Queen of Atlantis (1921)
Hi, everybody, it’s Pam, doing another solo review. The movie I’ll be reviewing is Queen of Atlantis, originally known as L’Atlantide, to date the oldest movie MMT has reviewed, and the only silent movie so far. It’s based on a 1908 novel by Pierre Benoit, which has been translated into English and is available on Project Gutenberg, for those who are interested. It tells the story of a lost civilization somewhere in the Sahara desert. This lost civilization is ruled by an ageless Queen who is so fatally attractive no man can resist her charms, and who is in the habit of kidnapping men, keeping them around as long as they appeal to her, then killing them. Some of you may notice a resemblance to H. Rider Haggard’s She, and you’re not the only ones who did. Pierre Benoit was sued for plagiarism after his novel was published, and he lost. If you’re wondering where the “Atlantis” part comes in, it seems this isolated spot in the Sahara is the only part of Atlantis that didn’t sink. But I’ve already given away most of the plot, so let’s go on to the movie.
But first let me warn you that the screen caps are going to be more scattershot than usual, as my DVD copy is beyond lousy. So I've pulled caps from various sources across the internet to illustrate the story, if not the actual movie. Best you're going to get...
The movie starts in the Sahara desert, where a party of French soldiers come across a French army officer, nearly dead from thirst and exposure. How did the poor man come to be in this state? As it happens, it’ll take the rest of the movie, all two hours and 43 minutes of it, to find out. Warning for those who plan to watch this movie: it’s very slow-moving. Not only that, the film quality of the DVD I’m watching is fairly poor, and as far as I can tell, there aren’t any better versions available. The story is narrated in a convoluted fashion with lots of flashbacks, but I’m going to take pity on my readers and be more straightforward. For now, suffice it to say the unfortunate man is Lieutenant Saint-Avit, who is rescued, conveyed to a hospital on a stretcher strapped to a camel’s back (!), and nursed back to health.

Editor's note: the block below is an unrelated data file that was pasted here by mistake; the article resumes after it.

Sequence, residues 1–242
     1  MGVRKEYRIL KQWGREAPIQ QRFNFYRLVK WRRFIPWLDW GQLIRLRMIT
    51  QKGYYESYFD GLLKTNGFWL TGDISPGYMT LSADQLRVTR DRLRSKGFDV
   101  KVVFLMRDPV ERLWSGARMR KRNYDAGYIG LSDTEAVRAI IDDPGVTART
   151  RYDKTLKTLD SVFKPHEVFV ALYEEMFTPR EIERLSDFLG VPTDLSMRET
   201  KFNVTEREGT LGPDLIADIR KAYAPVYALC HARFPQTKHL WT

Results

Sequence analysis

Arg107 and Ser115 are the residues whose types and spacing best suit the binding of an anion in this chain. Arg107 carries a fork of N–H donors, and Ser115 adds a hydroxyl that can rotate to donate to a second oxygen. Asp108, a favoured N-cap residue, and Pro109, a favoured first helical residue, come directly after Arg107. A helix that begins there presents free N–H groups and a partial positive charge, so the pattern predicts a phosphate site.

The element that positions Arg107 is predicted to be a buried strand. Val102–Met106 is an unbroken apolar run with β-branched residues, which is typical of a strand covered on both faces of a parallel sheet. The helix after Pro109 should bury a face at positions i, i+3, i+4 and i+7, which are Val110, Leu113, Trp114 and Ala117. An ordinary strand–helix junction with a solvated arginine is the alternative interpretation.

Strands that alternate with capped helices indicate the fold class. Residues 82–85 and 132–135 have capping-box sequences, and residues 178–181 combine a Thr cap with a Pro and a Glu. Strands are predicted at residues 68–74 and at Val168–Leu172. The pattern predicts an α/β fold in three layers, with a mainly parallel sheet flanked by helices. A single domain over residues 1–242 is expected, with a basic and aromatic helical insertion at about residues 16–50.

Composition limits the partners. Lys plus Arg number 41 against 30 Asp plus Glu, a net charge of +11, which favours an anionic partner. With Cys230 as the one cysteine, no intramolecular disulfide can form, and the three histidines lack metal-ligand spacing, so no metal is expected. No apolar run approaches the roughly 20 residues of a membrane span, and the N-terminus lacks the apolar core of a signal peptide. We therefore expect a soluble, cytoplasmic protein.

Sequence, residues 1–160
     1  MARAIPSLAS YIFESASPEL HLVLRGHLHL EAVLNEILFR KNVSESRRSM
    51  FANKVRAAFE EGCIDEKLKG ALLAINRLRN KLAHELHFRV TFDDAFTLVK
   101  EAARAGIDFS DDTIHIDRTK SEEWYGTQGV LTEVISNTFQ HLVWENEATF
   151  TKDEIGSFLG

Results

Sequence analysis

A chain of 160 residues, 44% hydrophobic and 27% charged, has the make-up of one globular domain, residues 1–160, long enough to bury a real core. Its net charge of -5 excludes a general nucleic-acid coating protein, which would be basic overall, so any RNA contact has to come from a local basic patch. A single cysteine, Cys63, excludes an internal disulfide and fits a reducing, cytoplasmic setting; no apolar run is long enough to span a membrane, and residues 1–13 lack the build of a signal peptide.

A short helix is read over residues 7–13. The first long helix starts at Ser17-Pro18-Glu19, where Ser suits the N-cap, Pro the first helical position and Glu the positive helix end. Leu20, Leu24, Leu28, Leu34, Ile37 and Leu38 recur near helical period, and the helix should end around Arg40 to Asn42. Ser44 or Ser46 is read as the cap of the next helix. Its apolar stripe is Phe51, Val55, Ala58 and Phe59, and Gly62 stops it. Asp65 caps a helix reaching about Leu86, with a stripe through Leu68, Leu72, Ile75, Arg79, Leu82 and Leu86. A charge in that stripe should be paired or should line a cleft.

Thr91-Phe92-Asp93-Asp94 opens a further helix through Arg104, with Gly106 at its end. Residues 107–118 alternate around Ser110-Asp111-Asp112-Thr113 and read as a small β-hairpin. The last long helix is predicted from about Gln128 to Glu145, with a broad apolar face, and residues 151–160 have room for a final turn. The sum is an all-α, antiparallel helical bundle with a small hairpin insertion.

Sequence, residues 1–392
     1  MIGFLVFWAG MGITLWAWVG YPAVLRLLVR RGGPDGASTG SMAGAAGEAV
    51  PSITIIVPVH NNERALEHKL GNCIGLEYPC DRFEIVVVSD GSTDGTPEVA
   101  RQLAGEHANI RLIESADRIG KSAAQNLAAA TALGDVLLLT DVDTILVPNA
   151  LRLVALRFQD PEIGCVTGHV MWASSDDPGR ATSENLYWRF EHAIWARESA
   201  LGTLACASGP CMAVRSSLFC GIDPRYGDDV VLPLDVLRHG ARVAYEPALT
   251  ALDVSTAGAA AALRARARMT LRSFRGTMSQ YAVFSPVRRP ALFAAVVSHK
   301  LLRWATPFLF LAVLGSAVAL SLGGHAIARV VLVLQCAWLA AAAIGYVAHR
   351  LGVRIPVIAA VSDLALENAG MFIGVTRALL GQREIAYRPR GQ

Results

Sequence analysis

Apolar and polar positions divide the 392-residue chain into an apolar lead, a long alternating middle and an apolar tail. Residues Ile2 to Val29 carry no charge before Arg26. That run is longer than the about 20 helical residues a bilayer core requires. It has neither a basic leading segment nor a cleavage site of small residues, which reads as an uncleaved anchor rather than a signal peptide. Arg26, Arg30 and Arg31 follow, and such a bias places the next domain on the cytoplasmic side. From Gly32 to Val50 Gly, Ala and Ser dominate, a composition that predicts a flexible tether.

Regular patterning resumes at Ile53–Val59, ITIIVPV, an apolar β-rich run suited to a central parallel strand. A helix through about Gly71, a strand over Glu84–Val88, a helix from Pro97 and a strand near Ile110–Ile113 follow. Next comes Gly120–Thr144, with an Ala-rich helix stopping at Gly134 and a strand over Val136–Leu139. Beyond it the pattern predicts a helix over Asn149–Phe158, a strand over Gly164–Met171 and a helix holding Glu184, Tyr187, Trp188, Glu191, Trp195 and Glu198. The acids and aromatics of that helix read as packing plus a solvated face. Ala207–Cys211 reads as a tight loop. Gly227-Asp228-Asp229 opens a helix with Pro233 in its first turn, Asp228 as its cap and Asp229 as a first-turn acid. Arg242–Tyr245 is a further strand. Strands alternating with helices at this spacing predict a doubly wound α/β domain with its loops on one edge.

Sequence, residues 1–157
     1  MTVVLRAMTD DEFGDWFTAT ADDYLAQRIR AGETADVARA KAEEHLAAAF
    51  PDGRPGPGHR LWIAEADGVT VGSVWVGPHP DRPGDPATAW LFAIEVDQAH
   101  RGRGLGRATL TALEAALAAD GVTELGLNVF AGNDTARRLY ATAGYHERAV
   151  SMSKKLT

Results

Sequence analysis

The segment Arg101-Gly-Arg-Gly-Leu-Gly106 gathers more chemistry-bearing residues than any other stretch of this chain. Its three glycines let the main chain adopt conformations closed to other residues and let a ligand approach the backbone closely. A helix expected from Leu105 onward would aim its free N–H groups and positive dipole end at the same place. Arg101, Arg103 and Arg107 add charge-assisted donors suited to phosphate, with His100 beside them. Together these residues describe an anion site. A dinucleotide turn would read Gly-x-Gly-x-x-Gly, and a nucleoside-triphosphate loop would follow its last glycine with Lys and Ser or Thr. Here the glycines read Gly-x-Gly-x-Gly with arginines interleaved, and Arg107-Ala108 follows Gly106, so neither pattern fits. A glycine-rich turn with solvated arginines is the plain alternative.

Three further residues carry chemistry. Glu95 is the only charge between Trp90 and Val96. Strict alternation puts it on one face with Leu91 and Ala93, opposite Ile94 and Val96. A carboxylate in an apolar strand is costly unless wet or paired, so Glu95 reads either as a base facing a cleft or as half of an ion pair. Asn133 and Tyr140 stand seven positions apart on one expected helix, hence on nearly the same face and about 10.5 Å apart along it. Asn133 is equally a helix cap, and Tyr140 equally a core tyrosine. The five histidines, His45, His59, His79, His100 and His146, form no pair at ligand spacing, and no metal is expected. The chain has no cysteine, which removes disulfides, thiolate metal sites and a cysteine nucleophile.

Consulting his GPS.
Be patient, all will be explained in the end. We’re going to proceed to the main plot, which starts some time before Saint-Avit’s near death in the desert. When the main story starts, Captain Morhange, a friend and comrade-in-arms of Saint-Avit, has been jilted by his girl and is now nursing a seriously broken heart. In fact, he’s planning to become a monk, but before he abandons the world forever, the French Army has one last mission for him and Saint-Avit. A number of men have gone missing in a certain area of the desert, and the pair is being sent out to find out what’s going on. As they set off, you can see Morhange has accessorized his uniform with a rosary worn openly around his neck. Apparently nobody has a problem with this non-regulation addition. Or in 1921, were members of the French Army allowed to wear religious jewelry if they so desired?
Poor lighting in this movie.